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1-1-05 - Renee works her offerings over the trout at Paradise Springs.

Unlike this time last year, Paradise is still full of trout.

Tim "The Enchanter" works the far end of the pond.

My first Rainbow Trout, and first fish, for 2005.

Tim documents the occasion.

Renee with her first fish of the new year.

During the chaos I managed 5 more rainbows, this was my 2nd for 2005.

Rainbow #3

Rainbow #4

Rainbow #5
(Copyright © 2005 Renee)

Rainbow #6...between the cloudcover and oncoming dusk the flash was pretty much required to get a good shot!
(Copyright © 2005 Renee)

1-1-05 - HAPPY NEW YEAR!

Waters Fished: Paradise Springs
Fish Caught: 6/11 personally
Outing Date: 1-1-05
Weather: Cloudy & Rainy
Air Temp: lower 30's
Water Temp: N/A
Water Level: Normal
Water Color: Clear
Fish Species: Rainbow Trout
Pattern Fished: Tucker Nymphs, Scuds and Sowbugs
Pattern Color: Olive and Tan scuds were working well
Fishing Quality: bland punctuated by 15 minutes of insanity

So I spent New Year's day on the water at Paradise Springs with Renee and Tim. Most of the day was cloudy, cold, and tough...basically what I expected. Some of the guys from Milwaukee had been there in the AM and they had the typical Paradise Stories...couple fish caught but as usual, it was tough, several people getting their first skunk of the year out of the way.

Tim arrived a good hour before we did...it was indeed slow going. I casually mentioned that I might go try the springhouse outflow...in a few minutes Tim was down there battle his first fish. I saw it and came running, but by the time I arrived he had released it and was back to fishing. Only then did he realize that if he had waited just a second, his would've been the first fish in the Rambling Reports for 2005. Oh well.

Eventually it started to drizzle....the fish pushed a bit deeper and we all got colder. Drizzle became downpour and we waited under a shelter; when the rain finally stopped the water had been rested for about 30 minutes.

All morning, as is usual, the rainbows had been willing to look but pretty much smart enough to avoid biting. Once it started to rain, Renee was willing to take the skunk and leave the cold in favor of a good book and the car's heater!

Tim and I chose to stick it out; after the rain, in my first 3 casts, 3 fish, each time a small explosion of 20 or 30 fish rushing my flies the second they hit the water. My third fish came to shore, we got it landed, took a couple pictures, and then I asked Tim to just wait a second and not cast...I was worried we'd spook these fish!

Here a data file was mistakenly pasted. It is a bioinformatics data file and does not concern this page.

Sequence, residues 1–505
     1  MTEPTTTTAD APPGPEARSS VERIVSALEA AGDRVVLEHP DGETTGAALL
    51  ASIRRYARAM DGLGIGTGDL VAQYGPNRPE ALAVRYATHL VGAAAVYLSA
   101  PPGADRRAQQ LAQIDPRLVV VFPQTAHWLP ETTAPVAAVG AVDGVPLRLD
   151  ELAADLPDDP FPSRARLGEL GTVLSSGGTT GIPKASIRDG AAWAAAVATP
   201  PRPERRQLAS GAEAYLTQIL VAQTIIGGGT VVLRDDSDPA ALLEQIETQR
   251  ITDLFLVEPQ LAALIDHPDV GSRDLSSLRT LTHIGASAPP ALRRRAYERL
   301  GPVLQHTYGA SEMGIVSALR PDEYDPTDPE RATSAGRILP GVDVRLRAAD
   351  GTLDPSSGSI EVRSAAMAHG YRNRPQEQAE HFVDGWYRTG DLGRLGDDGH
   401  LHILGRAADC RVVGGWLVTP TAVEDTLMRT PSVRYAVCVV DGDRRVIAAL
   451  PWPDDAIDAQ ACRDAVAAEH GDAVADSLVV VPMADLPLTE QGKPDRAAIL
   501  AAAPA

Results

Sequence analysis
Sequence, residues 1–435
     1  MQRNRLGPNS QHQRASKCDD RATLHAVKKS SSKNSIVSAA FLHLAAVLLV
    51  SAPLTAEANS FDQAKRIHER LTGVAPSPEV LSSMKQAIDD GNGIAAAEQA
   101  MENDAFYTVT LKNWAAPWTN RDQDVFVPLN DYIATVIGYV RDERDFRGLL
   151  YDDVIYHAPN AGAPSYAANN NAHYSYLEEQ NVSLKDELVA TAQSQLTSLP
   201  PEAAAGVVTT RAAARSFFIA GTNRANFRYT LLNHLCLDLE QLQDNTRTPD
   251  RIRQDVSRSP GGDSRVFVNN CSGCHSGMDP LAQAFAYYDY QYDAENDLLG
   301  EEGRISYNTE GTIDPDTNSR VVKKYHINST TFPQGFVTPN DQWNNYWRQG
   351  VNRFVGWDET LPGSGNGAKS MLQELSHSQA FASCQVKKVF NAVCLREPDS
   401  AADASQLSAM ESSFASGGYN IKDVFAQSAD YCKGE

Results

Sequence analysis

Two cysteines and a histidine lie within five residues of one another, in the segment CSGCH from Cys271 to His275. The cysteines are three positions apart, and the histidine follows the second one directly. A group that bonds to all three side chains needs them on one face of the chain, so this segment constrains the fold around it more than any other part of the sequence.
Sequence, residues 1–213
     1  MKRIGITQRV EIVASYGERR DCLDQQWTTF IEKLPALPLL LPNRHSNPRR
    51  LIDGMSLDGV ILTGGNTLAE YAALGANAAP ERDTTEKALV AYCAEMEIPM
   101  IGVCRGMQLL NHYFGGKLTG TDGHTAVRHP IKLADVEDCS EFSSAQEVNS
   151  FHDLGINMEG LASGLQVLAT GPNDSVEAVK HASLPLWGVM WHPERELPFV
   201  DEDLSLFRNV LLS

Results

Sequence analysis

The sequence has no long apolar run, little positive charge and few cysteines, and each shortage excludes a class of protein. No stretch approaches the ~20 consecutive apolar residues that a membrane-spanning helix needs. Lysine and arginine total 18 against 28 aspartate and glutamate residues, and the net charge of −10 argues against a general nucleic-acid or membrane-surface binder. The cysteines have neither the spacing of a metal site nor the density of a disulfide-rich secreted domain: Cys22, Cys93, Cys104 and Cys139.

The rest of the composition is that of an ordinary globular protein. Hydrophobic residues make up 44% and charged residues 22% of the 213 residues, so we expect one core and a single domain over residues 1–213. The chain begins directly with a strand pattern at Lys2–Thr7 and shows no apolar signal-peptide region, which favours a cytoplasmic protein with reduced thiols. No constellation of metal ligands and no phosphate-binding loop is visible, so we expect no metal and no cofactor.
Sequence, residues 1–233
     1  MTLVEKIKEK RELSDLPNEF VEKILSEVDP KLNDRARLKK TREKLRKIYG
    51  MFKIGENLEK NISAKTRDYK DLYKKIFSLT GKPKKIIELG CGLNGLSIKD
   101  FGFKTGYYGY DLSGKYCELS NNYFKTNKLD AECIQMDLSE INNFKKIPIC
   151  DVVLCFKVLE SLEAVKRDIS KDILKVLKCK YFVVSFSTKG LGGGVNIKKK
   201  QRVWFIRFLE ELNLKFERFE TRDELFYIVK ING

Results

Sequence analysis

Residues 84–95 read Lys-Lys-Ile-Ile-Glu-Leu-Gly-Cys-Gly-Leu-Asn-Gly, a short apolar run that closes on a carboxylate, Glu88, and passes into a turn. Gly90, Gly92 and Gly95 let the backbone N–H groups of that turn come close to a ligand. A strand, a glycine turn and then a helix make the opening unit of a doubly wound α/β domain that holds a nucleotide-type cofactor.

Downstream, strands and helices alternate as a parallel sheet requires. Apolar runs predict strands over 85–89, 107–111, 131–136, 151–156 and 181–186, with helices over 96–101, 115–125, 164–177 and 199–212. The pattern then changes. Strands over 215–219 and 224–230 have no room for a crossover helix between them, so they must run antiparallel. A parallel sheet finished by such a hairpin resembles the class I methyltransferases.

I ran back to the car and wildy exclaimed that Renee must come back and fish. I arrived at the car, out of breath, with what was probably a crazed, no, insane look in my eyes. "You have to come now!". Renee took a lot of convincing but came back.

Meanwhile Tim had waited to cast; prior to the rain he had been the only one of us to land a fish. Now we were all casting, and each time your flies hit the water you'd get at least one hit. Tim had fish disappearing underwater with his small orange indicator, only to have it reappear, SPIT OUT several feet down in the clear water. Somehow, during a cast, Tim botched it and fouled out, having to sit to retie.

For 15 minutes after the rain, we could do no wrong. ANYTHING worked. We hooked up with numerous fish. Every time a fly hit the water at least 20 or more trout rushed it, and at least one managed to eat it. Just as quickly as it had started, the fish appeared to wisen up, perhaps realizing that they were being angled over (at least partially due to our carelessness in concealing our presence). I ended up landing 6 out of this feeding frenzy, Renee got her first, and I believe Tim got #2 (I must admit I was too busy paying attention to the fish on my line to take notice of what he was up to!)

You hear about times like this on even the most challenging waters, but this is truly my first time experiencing it. If there was a hatch, we never saw it. The fish weren't feeding, except on our artificial flies, which they crashed with reckless abandon! So cold day, sluggish fish, cold rain, and suddenly some of the most difficult fish in the state all let their guard down, feeding with the gusto that can only be matched by the thousands of trout in a hatchery raceway.

If this isn't a good start to the new year I don't know what could be!

  MP 

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